Monthly Archives: February 2009
Planet Scuba India is now completely swamped with equipment. Make a trip down to our stores and pick out equipment from Aqualung, Mares & Intova. We have underwater cameras, shorties, BCDs, fins and much more. International brand and quality stuff at very competitive prices. Your one stop shop for all diving needs. Contact us to enquire about our full range of equipment for sale.
24th Feb 2009 is the next PADI- Open Water Diver Course. Sign up with us now, so that your summer holidays will be a fun filled scuba diving one. But to more serious news.
One Fifth of World’s Corals Gone: Climate Change Battle to Rescue Remaining
The Status of Coral Reefs of the World: 2008, released in Washington, DC, December 2008, declares a 19 percent loss of coral reefs worldwide.
Launched by the Global Coral Reef Monitoring Network (GCRMN), the report identifies which coral reefs are recovering and which are declining worldwide. The report states if current trends in carbon dioxide emissions continue, many remaining reefs may be lost over the next 20 to 40 years with alarming consequences.
Project AWARE Foundation, partner behind the project and supporter of the launch event, is encouraged by the report that 45 percent of the world’s reefs are currently healthy. But the Foundation also recognizes a focus on climate change, now considered the leading threat to coral reefs today. Threats including increasing ocean temperatures and ocean acidification are intensified by other threats including overfishing, pollution and invasive species.
“If nothing changes, we are looking at a doubling of atmospheric carbon dioxide in less than 50 years,” says Carl Gustaf Lundin, Head of the IUCN Global Marine Programme, one of the organizations behind the Global Coral Reef Monitoring Network. “As this carbon is absorbed, the oceans will become more acidic, which is seriously damaging a wide range of marine life from corals to plankton communities and from lobsters to seagrasses.”
Hope is also found in the ability of some corals to recover after major bleaching events, caused by warming waters, adapting to climate change threats. However, the report also shows the recent downward trends have not been reversed in the last four years. And corals have a higher chance of survival against climate change if other human threats are minimized.
“The report details the strong scientific consensus that climate change must be limited to the absolute minimum. If nothing is done to substantially cut emissions, we could effectively lose coral reefs as we know them, with major coral extinctions,” says Clive Wilkinson, Coordinator of the Global Coral Reef Monitoring Network.
“Ten years after the world’s biggest coral bleaching event, we know that reefs can recover given the chance. Unfortunately, impacts on the scale of 1998 will reoccur in the near future, and there’s no time to lose if we want to give reefs and people a chance to suffer as little as possible,” says Dr David Obura, Chair of the IUCN Climate Change and Coral Reefs working group and Director of the Coastal Oceans Research and Development in the Indian Ocean Programme (CORDIO) in East Africa.
The GCRMN is a network of people, governments, institutes and NGOs in more than 80 countries, with many partners, including: CORDIO, Reef Check, CARICOMP, Project AWARE Foundation and AGRRA. All reports are available through www.ReefBase.org. To read more of such articles visit ProjectAware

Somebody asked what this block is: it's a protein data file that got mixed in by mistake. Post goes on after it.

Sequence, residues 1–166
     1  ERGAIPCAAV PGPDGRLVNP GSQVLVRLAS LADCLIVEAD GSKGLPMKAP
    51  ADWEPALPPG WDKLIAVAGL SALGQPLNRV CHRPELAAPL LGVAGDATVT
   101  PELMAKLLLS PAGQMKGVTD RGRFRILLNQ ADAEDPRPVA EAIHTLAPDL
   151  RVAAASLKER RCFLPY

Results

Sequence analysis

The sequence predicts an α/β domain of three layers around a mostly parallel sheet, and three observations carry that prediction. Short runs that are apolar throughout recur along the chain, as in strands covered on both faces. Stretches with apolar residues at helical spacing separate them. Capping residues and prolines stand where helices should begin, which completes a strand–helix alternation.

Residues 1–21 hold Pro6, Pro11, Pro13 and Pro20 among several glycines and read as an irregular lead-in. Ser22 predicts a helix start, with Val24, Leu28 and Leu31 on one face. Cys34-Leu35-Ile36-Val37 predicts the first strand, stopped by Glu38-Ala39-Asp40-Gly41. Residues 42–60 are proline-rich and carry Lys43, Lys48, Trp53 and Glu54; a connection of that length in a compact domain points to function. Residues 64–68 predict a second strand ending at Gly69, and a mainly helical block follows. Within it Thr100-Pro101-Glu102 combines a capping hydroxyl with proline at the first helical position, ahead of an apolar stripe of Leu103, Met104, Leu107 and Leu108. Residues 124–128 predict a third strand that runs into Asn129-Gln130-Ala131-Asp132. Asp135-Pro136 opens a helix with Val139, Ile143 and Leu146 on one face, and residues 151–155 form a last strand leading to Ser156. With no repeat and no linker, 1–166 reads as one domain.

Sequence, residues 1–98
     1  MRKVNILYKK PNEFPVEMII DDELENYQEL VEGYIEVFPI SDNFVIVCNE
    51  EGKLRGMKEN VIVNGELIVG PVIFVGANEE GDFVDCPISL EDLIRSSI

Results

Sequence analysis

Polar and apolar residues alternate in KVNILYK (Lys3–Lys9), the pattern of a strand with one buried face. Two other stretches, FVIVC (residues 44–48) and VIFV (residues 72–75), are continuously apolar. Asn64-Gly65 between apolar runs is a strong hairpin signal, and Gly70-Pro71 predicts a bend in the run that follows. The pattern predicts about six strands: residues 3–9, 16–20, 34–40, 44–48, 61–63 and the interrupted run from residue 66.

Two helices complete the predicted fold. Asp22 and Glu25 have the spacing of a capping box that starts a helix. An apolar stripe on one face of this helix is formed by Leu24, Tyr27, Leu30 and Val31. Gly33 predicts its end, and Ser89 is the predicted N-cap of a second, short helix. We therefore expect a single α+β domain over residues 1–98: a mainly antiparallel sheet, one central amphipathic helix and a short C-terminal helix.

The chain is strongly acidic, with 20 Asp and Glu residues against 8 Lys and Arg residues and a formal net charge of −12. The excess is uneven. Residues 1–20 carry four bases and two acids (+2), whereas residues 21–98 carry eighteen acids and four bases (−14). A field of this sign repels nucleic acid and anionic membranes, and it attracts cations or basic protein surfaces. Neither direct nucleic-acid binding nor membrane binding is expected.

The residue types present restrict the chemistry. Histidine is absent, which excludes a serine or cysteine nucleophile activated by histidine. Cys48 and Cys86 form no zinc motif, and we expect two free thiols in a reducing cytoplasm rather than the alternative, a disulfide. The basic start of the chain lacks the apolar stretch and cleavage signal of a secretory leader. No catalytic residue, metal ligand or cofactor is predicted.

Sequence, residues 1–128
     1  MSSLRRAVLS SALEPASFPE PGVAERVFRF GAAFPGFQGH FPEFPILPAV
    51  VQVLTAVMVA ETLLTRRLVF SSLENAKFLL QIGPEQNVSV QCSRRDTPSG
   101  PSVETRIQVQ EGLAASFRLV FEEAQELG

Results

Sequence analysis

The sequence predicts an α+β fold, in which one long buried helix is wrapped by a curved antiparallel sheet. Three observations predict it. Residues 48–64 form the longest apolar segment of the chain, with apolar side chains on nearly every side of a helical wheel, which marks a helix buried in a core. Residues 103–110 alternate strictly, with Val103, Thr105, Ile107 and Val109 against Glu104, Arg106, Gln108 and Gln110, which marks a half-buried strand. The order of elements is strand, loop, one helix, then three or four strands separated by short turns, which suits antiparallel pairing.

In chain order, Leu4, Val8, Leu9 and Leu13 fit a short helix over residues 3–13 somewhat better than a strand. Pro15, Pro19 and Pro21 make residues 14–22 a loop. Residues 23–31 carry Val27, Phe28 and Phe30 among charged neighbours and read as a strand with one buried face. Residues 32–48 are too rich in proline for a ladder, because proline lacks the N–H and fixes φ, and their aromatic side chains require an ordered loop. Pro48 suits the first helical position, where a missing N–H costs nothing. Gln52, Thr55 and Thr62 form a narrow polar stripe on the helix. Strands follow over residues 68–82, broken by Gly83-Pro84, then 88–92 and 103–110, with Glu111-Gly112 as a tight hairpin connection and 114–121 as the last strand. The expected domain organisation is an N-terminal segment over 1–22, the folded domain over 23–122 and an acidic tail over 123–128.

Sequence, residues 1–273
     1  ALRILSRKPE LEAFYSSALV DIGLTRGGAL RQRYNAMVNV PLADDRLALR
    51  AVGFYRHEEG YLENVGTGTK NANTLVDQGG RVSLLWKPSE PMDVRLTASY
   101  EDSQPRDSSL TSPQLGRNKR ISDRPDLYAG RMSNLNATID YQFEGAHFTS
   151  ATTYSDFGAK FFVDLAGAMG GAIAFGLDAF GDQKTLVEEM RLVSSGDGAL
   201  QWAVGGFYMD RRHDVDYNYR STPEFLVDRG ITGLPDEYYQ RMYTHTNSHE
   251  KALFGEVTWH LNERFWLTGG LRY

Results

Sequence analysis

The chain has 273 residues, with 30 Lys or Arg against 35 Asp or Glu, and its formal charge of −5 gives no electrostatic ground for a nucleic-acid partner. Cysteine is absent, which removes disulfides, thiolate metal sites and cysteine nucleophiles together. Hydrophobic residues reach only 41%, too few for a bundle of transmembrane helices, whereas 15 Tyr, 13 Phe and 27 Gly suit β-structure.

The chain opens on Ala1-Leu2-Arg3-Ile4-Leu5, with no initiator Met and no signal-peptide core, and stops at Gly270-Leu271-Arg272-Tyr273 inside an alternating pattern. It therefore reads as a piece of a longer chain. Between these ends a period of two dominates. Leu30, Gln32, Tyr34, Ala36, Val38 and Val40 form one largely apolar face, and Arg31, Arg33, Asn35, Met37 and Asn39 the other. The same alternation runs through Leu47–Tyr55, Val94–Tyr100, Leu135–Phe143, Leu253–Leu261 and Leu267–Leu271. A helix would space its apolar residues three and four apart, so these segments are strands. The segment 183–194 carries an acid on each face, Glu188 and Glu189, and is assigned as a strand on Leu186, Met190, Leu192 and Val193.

It is already the middle of Feb, that means it is close to the school holidays. It also means the weather over here is starting to heat up. All in all it means right now is the BEST TIME to scuba dive. Join us, get certified and start planning your scuba diving holidays. The waters are warm and inviting. The sea life is at its prime. This would be like your own discovery channel holiday. Complete relaxation and recuperation from the stress of life. Start 2009 off on a relaxing note. Join us @ Planet Scuba India now.
Or also known as ” We got to dive in the beautiful waters of Phuket and you DIDN’T” trip. Our adventurers are back with fantastic pictures and stories. But for now as a sample, here is a short report of what they did and see. Pics will be added as soon as i get my hands on them. If you are burning with jealousy for missing out on this trip, fret not. Feb 9 2009 is our next PADI – Open Water Diver Course. Sign up with us real soon and you too can be part of this exclusive club of adventure divers
Elephant Head Rock: White-tip Reef Sharks
East of Eden: Frogfish, Giant Mantis Shrimp, Giant Turtles, banded coral snake
West of Eden Night Dive: Huge painted Spiney Lobster.
Koh Bon: Manta Ray (4m), Devil Scorpion fish, 5 Octopus, sea snake.
Tachai Reef: Manta Ray, Leopard Shark, Ornate Ghost Pipefish, Ocelate Lionfish (Twin-eye).
Tachai Reef Night Dive: Turtle.
Richelieu Rock: Visibility 20m++ Leopard Shark, Tiger-tail Seahorse, Ornate Ghost Pipefish, many Peacock Mantis Shrimp, Cuttlefish, Barracudas
Tachai Pinnacle: 3 Manta Rays! Turtle, Big school of Barracudas (800+), mating Big-eye Trevallys.
Koh Bon Night Dive: Octopus (taking in a large reef crab in action), Banded snake Eel, Sea snake.
Koh Bon Pinnacle: Leopard Sharks, Giant Marble Ray (5m).
Boonsung Wreck: 20m+ visibility, stonefish, school of 25 lion fishes